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nullunit

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  1. One of my players really wants an Imperial centric CRB like Age of Rebellion. I say just use AoR and your duty would be to the Empire. I just want supplements, no more CRB. I already feel a bit taken advantage of with 3 CRB.
  2. Tonally, I run Edge more like a noir story and enhance some of the more brutal aspects of the Star Wars Universe. Slavery and organized crime are galaxy spanning industries, not hard to find the grit. I think that has more to do with how your GM chooses to run. I haven't tried to kill my players but I easily could without using GM caveat; especially when we first started out. I have delivered some injuries and taken one player down but not out.
  3. I want to see Sakiyan come in. Because Djas Puhr is dope and he does dope S#$%. Edit: They exist in a book I do not have!! There goes some more money!
  4. I like the power level of EotE and my player have had a good time so far. My players have no interest in the other sub-settings but I am going to mine them for threats to spice things up. In many ways I feel like the CRB format is just milking my pocket book and the addition of the Duty and Morality systems makes it harder to integrate but not impossible. I am currently working on a way to hybridise so that I can leave it open for the players to move between sub-settings with ease.
  5. Last week I got my core rule book and spent time with my group fleshing out Obligations and clarifying Motivations so that I can have a kernel of info to spin encounters and mini-plots from. During my prep time for game I will make my Ob checks and see if anyone activates, if so I will pre-empt or modify to accommodate the Obligation hooks. With Obligation I am basically letting the players personal stories win out over the scripted adventure. The obligations in play at my table are all over the place but with a little work ensuring the Obligations and Motivations are overlapping with the story I am trying to tell it will be easy to move forward.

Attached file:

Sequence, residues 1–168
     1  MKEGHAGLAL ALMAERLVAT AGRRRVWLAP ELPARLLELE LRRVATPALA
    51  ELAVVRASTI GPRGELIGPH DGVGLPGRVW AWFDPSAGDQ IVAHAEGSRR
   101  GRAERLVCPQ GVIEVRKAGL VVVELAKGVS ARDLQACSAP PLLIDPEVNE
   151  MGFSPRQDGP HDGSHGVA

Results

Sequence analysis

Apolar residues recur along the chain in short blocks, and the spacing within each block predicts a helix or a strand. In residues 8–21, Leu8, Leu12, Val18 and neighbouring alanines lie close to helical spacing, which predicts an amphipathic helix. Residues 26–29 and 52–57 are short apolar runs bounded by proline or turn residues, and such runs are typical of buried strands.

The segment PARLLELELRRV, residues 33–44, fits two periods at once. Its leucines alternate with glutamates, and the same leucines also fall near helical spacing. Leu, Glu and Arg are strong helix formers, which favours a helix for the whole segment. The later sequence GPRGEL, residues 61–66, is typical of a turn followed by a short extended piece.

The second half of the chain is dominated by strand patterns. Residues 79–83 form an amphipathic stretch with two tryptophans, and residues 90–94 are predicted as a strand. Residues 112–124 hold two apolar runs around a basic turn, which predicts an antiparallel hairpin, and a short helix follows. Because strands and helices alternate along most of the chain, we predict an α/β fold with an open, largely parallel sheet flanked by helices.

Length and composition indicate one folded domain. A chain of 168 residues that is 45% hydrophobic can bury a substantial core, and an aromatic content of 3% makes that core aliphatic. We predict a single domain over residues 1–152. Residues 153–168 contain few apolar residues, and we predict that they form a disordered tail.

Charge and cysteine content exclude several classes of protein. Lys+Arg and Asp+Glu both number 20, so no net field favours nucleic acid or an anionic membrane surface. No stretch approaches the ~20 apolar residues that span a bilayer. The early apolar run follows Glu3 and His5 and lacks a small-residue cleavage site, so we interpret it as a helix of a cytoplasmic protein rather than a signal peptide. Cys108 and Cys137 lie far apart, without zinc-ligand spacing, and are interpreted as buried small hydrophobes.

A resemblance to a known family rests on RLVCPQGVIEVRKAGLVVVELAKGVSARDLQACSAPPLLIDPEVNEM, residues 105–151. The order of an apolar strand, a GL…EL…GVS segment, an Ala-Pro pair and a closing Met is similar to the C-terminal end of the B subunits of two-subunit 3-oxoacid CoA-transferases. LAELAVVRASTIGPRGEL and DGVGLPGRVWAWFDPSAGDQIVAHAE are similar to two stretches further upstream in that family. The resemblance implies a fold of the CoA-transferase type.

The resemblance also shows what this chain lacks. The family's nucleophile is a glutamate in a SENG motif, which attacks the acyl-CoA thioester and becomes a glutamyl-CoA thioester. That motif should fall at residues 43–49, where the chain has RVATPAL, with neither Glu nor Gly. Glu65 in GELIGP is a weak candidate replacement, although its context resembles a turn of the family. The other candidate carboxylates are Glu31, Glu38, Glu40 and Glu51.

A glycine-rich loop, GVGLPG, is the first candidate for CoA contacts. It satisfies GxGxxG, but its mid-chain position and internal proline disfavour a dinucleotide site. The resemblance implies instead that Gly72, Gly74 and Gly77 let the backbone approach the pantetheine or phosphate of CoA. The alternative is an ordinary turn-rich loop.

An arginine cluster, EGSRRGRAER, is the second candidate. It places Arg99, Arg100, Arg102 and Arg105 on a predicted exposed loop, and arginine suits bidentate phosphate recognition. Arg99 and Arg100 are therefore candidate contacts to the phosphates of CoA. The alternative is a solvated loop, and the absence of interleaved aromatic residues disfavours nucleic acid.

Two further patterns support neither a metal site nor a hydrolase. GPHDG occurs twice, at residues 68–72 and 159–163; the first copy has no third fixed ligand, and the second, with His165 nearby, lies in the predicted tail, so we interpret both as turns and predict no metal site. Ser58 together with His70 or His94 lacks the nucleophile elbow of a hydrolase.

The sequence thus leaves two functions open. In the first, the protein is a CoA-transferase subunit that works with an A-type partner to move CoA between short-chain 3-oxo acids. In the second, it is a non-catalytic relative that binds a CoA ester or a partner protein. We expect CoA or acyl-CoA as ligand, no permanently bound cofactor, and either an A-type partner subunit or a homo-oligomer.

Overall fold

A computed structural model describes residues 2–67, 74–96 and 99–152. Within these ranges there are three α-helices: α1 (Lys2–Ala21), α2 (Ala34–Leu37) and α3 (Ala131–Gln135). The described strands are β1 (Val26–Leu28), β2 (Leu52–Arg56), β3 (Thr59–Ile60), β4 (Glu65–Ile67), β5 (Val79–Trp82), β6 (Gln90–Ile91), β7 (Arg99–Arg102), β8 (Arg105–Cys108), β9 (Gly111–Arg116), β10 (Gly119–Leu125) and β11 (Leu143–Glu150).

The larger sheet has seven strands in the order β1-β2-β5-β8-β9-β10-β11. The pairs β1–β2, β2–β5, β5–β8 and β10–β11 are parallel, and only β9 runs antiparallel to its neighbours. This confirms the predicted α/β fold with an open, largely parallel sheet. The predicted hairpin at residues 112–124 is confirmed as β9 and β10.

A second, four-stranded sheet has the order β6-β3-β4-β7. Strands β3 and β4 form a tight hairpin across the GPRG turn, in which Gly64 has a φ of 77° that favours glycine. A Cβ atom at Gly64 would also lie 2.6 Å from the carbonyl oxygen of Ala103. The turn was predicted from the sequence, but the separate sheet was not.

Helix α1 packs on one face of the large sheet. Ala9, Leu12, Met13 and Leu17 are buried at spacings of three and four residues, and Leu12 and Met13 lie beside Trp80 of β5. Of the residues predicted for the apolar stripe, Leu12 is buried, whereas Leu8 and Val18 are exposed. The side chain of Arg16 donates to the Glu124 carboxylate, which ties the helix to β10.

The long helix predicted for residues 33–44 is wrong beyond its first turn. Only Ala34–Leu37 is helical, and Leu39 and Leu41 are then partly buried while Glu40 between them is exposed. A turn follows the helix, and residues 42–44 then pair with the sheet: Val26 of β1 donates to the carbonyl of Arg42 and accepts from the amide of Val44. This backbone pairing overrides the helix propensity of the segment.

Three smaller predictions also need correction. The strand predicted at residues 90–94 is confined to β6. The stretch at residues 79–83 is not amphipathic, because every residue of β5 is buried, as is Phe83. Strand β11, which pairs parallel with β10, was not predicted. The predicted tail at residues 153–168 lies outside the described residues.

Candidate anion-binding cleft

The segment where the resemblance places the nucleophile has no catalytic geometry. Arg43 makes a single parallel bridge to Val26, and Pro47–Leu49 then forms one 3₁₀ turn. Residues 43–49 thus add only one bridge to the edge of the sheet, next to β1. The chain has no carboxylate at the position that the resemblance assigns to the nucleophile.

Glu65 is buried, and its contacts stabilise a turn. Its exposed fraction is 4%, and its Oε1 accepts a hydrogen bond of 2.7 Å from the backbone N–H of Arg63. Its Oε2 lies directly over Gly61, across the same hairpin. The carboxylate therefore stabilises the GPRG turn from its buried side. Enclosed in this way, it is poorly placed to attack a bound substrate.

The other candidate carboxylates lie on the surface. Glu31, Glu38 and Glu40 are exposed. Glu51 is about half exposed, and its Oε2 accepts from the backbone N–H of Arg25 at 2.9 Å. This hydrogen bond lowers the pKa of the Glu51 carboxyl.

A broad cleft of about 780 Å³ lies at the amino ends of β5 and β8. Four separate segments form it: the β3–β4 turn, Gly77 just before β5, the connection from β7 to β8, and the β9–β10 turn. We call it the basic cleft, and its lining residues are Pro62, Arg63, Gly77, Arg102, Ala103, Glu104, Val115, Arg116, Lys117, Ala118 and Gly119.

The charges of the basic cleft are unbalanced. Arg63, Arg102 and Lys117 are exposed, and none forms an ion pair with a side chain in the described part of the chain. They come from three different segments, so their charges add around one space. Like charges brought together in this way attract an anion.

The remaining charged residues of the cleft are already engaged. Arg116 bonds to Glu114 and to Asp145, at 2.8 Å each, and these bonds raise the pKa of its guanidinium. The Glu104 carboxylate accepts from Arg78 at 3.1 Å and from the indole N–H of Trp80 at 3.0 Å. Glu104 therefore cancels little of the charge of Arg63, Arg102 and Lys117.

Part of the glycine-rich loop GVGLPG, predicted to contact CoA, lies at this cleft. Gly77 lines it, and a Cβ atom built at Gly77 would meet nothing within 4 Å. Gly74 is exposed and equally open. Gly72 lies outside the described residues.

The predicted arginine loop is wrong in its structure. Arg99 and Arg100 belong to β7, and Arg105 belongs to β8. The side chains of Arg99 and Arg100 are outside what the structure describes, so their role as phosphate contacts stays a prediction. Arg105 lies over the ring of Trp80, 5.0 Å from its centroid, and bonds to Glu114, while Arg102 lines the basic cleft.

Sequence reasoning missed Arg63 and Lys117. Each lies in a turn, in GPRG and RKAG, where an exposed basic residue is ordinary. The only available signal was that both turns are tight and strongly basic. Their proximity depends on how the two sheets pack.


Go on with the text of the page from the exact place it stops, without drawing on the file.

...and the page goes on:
6. Sorry, that sounds weird...what is the logic behind that? Checking whether I can see the icons and signs on my scanner's screen? No offense meant, but I think I'll use computer... Sitting at the cafe across from your targets home or office is surveillance as much as planting a bug or watching via a camera. Repackaging Surveillance with Perception makes more sense than the Computer Use since it doesn't omit the standard methods of surveillance. At that point we can use the Computer skill in conjunction with Perception if there is electronic surveillance also in place. If the only means of surveilling someone is electronic you still need to be perceptive to not miss something like electronic counter-measures, spoofing or even a stealth field generator(rare but they are known to exist).